FPV GT-F

Australian Muscle Car - - Modern Muscle -

With

the ben­e­fit of hind­sight, FPV’s fi­nale, the GT-F 351, was a bit of a bar­gain. At $77,990 when it went on sale in 2014, its price-tag is far closer to the con­tem­po­rary FPV BF Co­bra and FG F6 in our top six than to the big-buck HSV W427 and GTSR W1.

But that was then and, now, more than a year on from Ford’s man­u­fac­tur­ing shut-down the value of the Blue Oval’s ul­ti­mate, Aussie, high-per­for­mance V8 four-door – in ev­ery sense from mon­e­tary to sen­ti­men­tal – is sig­nif­i­cantly higher, and headed north…

De­spite this, those among the 550 who bought a limited-edi­tion GT-F – some of them at in­flated prices even back then – no doubt felt a bit cheated when Ford went on to slot the su­per­charged 5.0-litre Mi­ami mill in the fi­nal FGX Fal­con XR8 and XR8 Sprint, which de­liv­ered the best part of the FPV fi­nale’s per­for­mance from just over $50K…

Both clearly have their place in the pan­theon of Aus­tralian Blue Oval per­for­mance, but by our reck­on­ing the XR8s are to­day’s value pick for mus­cle car driv­ers while the GT-F is one for col­lec­tors and dyed-in-the-wool types.

Ap­pro­pri­ately, the GT-F was con­ceived at Bathurst 2013 in a chat be­tween Fal­con chief en­gi­neer Pe­ter De Leur and Pro­drive en­gi­neer­ing di­rec­tor Bernie Quinn. The GT-based mule that came a month later was de­vised to test the dura­bil­ity of the ZF au­to­matic be­hind the po­tent blown 5.0-litre. The pro­gram was pre­sented to man­age­ment by year’s end and it had the green light by Jan­u­ary. The first GT-F 351 rolled from Broad­mead­ows in May af­ter what had been an un­com­monly short ges­ta­tion. The GT-F’s price and po­si­tion­ing re­flect Pro­drive’s typ­i­cally well-rounded

Greg and Leanne Kerbage

Aap­proach to car de­vel­op­ment – it doesn’t quite have the wow-fac­tor to match the ul­ti­mate HSVs, in­stead work­ing as a co­he­sive hi-po whole.

The ‘GT’ badge and ‘351’ nomen­cla­ture nod to the 1970s, but the lat­ter was the nat­u­ral re­sult of turn­ing up the wick on the su­per­charged V8 ac­cord­ing to Ford, rather than a de­lib­er­ate at­tempt to play up to nos­tal­gia. Ei­ther way, it works, ty­ing the GT – the ‘F’ stands for fi­nal – to the GT-HO Phase III and thrust­ing it from 0-100km/h in­side 5.0sec as ei­ther a man­ual or an auto.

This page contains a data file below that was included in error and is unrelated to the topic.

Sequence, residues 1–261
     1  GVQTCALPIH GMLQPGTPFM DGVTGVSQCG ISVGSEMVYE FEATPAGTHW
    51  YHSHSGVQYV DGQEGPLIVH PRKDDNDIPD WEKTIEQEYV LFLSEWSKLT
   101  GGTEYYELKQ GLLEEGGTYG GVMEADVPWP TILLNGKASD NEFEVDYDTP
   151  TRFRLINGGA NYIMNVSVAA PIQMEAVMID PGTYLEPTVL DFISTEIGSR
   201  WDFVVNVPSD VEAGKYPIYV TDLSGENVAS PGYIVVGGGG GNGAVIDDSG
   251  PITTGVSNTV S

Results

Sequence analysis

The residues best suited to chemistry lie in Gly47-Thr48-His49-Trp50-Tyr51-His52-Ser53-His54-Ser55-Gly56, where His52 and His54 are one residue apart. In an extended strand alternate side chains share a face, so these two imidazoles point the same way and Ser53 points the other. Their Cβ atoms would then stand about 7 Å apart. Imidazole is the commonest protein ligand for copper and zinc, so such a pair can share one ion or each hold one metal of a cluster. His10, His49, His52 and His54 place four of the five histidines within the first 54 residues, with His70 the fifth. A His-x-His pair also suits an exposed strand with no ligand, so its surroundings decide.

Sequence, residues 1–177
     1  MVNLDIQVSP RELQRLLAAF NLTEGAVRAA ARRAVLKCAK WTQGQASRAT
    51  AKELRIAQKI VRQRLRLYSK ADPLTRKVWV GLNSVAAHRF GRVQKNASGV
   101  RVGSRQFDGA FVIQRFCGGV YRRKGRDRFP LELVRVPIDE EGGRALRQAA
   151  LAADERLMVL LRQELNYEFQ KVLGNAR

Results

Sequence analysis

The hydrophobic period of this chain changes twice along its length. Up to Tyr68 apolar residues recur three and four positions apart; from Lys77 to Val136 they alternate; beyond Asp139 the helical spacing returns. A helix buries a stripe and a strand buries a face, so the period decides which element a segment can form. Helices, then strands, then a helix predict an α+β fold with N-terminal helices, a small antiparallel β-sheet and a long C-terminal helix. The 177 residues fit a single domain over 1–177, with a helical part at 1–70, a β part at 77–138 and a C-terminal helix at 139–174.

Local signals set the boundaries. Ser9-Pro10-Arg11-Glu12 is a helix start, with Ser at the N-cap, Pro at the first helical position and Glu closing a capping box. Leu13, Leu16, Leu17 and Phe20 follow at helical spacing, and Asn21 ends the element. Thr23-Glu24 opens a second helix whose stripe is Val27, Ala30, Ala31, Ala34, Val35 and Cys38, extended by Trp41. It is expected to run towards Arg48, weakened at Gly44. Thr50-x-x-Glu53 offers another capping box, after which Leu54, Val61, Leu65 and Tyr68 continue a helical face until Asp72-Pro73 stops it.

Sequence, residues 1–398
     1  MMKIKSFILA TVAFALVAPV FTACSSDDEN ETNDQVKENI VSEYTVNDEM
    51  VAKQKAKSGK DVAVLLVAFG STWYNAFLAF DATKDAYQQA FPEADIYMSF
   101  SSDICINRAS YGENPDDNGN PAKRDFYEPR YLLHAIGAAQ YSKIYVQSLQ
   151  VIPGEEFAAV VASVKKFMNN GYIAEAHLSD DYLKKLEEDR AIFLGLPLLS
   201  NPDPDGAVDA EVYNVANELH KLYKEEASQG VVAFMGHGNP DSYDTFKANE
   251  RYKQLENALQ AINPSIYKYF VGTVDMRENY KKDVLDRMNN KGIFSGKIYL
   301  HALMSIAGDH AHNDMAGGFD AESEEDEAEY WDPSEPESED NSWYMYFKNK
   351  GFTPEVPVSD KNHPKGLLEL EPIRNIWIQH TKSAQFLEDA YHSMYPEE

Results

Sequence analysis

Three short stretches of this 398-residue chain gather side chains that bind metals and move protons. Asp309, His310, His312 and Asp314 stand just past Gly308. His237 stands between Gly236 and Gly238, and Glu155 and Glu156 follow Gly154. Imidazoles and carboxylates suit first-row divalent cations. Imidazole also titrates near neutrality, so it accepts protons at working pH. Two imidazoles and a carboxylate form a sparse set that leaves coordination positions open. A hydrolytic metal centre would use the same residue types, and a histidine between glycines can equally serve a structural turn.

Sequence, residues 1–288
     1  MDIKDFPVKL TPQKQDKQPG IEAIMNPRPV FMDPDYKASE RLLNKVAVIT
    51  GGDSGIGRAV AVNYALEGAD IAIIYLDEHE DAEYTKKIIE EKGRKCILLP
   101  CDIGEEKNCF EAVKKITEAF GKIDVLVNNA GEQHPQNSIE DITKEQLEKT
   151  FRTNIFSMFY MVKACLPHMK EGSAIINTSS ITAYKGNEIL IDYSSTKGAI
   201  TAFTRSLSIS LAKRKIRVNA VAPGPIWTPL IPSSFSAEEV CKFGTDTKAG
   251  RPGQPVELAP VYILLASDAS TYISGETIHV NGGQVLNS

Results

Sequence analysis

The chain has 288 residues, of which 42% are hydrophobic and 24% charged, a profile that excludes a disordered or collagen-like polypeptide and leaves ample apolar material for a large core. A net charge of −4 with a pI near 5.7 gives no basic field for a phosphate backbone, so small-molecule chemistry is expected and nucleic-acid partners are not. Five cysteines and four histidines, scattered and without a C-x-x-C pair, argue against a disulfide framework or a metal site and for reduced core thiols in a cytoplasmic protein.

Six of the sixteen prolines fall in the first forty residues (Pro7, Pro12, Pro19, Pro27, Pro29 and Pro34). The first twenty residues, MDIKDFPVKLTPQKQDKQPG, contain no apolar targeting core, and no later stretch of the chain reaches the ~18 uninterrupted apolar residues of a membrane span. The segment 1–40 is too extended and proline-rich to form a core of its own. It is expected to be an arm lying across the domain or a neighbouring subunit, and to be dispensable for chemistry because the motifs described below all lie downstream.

Ac­cord­ing to Pro­drive En­gi­neer­ing, the 5.0-litre Mi­ami is un­der-stressed at 351kW and 570Nm – it’s rumoured to pro­duce 650Nm and more than 400kW on over­boost, though there are no of­fi­cial fig­ures. There’s cer­tainly more in it for the after­mar­ket tuner, but we’d leave that for the XR8, not this mem­ber of Aus­tralian mus­cle roy­alty.

Hav­ing a sus­pen­sion, wheel and tyre pack­age that could put it down was equally im­por­tant in the GT-F. FPV’s R-Spec vari­ants do­nated the springs, Sachs mono­tube dampers, bushes and anti-roll bars, and the stag­gered 245/35R19 front and 275/30R19 rear tyres.

The by-then dis­con­tin­ued GT-P pro­vided the stop­ping power in the form of 355mm cross-drilled front discs clamped by six-pis­ton Brem­bos and 330mm cross-drilled rears with four-pot Brem­bos.

Will the GT-F have the de­sir­abil­ity and value po­ten­tial of HSV’s crown­ing car? Look­ing at the rel­a­tive per­for­mance, vi­su­als and scarcity, you may con­clude that it won’t. But to a fan of Ford-badged Aus­traliana, the HSVs are mere Clay­ton’s per­for­mance sedans and this is The Real Thing. And why it was a nat­u­ral choice for the front row of this is­sue’s cover. Ask Greg Kerbage what he likes most about his GT-F 351 and with­out a mo­ment’s hes­i­ta­tion he fires back with “the sound of the su­per­charger!” A close sec­ond is its ‘push you back in your seat’ per­for­mance. As died-in-the-wool blue­bloods Greg and his wife Leanne own sev­eral fast Fords, in­clud­ing a black ‘tick­led’ F6 (not un­like Ben’s car in ap­pear­ance), but hav­ing the last GT in their garage was a must. The Kerbages’ GT-F is rare in hav­ing white stripes over the stun­ning Ki­netic blue paint­work, rather than the more com­mon black stripes.

Newspapers in English

Newspapers from Australia

© PressReader. All rights reserved.